In the early hours of the morning on November 1, 2021, the founder of Cognitive Therapy, Dr. Aaron T. Beck, passed away in his sleep at the age of 100 years. His development of cognitive therapy led to a revolution in the field of mental health treatment and we will be forever indebted to his contributions. His theories and treatment protocols have empirical support and focus on clients learning skills to change their thinking and as a result, their behaviors and emotions. Instead of doctors prescribing pills for depression, anxiety, OCD, social phobia, and sleep problems, they are able to prescribe cognitive behavior therapy and trust they will see good results in their patients and reduced relapse rates.
Dr. Aaron T. Beck was a man who dedicated his life, his intellect, and all his energy into developing the best psychotherapy approaches that would alleviate pain and suffering and empower people to help themselves. He was our dear friend and we will miss him greatly.
New York Times Obituary
We originally linked to an article in the New York Times on January 11, 2000. The article was titled: "A Pragmatic Man and His No-Nonsense Therapy" and featured Dr Aaron T. Beck at age 78. It describes how he came to develop cognitive therapy and covers his development from a young boy to a brilliant scientist whose endless curiosity led him to develop one of the most successful psychotherapies of all time, Cognitive Therapy.
On June 13, 2005, an historical conversation took place. The founder of Cognitive Therapy, Aaron T. Beck, and the 14th Dalai Lama had a “meeting of the minds” at an international congress for cognitive psychotherapy in Göteborg, Sweden.
Later, Dr. Beck reflected on that meeting and summarized some of the highlights of their discussion, including the similarities between Cognitive Therapy and Buddhism regarding the mind, thinking, common assumptions and change. The Dalai Lama referred to cognitive practices as Analytical Meditation and stated that Dr. Beck’s book Prisoners of Hate was almost like Buddhist literature.
This video clip is 2 minutes 47 seconds in length. By clicking on the photo, you will be directed to vimeo to watch the video.
In 2005, the International Congress of Cognitive Psychotherapy (ICCP) met in Göteborg, Sweden. Keynote speakers addressed the latest issues in CBT, researchers reported on empirical and theoretical findings, workshops presented state-of-the-art clinical practices, and students displayed their research and new ideas.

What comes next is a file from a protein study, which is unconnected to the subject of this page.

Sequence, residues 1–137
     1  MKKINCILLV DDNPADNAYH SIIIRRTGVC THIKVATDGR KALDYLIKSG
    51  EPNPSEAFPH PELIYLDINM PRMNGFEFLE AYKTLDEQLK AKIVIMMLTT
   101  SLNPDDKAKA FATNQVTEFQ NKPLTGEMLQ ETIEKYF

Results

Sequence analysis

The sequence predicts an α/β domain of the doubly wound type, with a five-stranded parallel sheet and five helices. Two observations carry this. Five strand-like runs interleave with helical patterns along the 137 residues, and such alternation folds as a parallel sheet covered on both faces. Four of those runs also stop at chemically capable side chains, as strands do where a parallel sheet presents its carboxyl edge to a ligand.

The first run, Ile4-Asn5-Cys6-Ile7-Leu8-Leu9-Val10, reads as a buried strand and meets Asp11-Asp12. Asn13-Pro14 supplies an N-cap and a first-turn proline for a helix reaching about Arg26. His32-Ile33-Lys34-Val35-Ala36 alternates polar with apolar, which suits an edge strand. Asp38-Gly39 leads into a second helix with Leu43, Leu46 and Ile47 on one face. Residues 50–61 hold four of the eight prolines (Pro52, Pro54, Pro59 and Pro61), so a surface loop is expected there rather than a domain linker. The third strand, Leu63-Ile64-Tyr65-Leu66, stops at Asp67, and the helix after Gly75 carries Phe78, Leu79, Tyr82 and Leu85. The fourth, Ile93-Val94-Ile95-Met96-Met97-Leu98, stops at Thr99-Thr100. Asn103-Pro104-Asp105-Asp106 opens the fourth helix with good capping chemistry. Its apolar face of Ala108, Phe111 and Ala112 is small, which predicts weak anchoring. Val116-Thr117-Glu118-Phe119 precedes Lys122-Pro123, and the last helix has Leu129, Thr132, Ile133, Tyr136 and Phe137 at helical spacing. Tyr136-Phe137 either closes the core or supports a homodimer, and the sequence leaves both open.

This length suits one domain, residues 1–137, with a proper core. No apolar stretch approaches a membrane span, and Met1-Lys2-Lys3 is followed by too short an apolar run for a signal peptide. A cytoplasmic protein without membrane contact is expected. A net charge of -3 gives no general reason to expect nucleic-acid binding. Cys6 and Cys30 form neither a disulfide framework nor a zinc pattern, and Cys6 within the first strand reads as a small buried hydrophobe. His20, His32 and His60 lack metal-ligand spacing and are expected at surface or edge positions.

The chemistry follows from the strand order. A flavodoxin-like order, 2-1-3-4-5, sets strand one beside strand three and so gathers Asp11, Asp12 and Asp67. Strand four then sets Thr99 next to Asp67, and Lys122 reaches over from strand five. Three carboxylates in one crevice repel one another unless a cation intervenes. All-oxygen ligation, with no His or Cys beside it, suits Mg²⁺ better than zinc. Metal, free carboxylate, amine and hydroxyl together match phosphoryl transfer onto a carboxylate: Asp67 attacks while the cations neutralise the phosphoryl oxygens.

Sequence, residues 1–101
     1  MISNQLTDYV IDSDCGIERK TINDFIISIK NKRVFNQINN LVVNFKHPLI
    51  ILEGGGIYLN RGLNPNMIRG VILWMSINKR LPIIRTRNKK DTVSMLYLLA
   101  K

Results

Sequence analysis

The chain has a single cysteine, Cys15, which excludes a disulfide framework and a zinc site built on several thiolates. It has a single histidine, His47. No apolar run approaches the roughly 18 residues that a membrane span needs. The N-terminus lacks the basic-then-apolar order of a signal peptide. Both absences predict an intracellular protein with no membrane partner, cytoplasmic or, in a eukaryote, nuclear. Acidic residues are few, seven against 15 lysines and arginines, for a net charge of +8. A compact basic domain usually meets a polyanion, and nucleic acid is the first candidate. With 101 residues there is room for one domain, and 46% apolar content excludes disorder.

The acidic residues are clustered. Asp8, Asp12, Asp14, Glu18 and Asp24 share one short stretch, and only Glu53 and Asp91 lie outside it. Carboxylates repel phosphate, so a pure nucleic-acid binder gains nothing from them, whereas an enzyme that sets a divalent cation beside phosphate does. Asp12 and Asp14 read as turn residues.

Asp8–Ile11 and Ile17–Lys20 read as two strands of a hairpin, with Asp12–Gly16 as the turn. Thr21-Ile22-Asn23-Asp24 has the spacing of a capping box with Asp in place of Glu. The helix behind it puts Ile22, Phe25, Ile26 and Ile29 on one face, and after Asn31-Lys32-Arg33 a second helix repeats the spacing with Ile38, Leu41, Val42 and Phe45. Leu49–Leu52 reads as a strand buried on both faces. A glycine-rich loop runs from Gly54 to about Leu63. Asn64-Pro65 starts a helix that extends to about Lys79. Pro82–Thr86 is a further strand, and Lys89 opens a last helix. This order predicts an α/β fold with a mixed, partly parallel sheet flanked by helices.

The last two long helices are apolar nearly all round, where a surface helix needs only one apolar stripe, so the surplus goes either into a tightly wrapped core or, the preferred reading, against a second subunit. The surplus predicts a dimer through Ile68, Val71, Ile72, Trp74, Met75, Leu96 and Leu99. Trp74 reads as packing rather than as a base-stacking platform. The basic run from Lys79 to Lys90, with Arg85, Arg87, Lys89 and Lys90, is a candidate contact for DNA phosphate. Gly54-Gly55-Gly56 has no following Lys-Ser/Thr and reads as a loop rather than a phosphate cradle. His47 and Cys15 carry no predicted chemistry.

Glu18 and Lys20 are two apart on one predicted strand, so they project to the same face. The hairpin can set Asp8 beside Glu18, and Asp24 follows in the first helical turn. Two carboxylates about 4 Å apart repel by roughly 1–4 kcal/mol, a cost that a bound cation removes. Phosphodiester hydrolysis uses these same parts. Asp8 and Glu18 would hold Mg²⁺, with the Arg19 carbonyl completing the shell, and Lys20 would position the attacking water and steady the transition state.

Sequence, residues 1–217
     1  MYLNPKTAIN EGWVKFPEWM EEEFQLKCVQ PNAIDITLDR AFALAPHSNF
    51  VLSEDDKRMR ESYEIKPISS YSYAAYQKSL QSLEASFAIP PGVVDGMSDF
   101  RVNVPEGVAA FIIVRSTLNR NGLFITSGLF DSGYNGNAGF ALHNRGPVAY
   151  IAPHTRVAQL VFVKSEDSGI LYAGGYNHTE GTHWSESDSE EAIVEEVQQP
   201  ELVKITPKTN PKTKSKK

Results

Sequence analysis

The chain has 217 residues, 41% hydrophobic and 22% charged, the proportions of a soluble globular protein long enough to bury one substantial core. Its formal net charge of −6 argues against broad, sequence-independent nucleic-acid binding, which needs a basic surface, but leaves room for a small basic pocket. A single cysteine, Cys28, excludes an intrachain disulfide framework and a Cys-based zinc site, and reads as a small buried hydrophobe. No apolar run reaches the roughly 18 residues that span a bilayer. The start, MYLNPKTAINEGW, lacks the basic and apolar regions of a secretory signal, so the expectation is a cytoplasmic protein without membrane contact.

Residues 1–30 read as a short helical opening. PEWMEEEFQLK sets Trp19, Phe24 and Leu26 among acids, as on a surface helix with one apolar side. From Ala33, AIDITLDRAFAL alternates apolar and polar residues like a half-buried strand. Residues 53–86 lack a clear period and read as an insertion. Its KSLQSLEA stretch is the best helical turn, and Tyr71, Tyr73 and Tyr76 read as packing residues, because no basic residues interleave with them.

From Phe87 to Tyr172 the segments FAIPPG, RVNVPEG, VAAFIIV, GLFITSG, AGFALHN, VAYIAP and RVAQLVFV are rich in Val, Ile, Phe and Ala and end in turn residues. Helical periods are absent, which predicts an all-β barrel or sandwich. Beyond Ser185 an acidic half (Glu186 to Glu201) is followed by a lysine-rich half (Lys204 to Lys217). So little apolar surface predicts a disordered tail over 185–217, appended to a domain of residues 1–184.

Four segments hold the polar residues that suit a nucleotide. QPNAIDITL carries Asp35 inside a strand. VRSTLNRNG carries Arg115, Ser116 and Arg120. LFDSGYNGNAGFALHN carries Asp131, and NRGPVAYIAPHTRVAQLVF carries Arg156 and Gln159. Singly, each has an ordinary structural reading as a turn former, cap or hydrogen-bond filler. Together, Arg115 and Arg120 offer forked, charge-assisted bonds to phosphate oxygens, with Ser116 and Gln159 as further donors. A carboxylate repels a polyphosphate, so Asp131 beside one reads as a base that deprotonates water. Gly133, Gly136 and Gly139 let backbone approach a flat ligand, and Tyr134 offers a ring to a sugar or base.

On June 13, the attendees were treated to a most amazing dialogue between the founder of Cognitive Therapy, Aaron T. Beck, and His Holiness the 14th Dalai Lama.
The topics were wide ranging and included discussions of: the human condition, thinking processes, common assumptions, the process of change, and anger. The Dalai Lama’s intelligence coupled with his joyous demeanor offers a fascinating glimpse into the philosophical world of Buddhist thinking along with Dr. Beck’s clear and concise conceptualizations of the human condition. Both reflect on their philosophies of change and note the similarities of their world views.
The filmed version of the conversation is divided into eleven separate clips ranging in length from about 3 to 11 minutes. The 90 minute “Meeting of the Minds: His Holiness the 14th Dalai Lama and Professor Aaron T. Beck” (in conversation) was filmed live and on location by the Center for Cognitive Psychotherapy and Education in Göteborg.
CLICK BELOW to view the 90 minute June 13, 2005 conversation.
The YouTube site does not list the focus of each segment so we have provided that list for you below. You may wish to copy it for reference when watching the video.
Time Stamps - Topic
0:00:00 - 0:02:47 Introduction
0:02:47 - 0:13:58 Negative Thoughts
0:13:59 - 0:25:48 Defining Negative, Positive, and Emotional Feelings
0:25:49 - 0:30:18 Views on Attachment, Attention, and Discontent
0:30:19 - 0:38:31 Pain and Suffering
0:38:32 - 0:50:11 Self-Centered and Society
0:50:12 - 0:57:39 Negative/Positive Imagery
0:57:40 - 1:06:58 Analytical Meditation
1:06:59 - 1:14:48 Secular Education of Modern Ethics
1:14:49 - 1:21:21 Environmental Factors and Society Influence Positive Thinking
1:21:22 - 1:30:06 Closing
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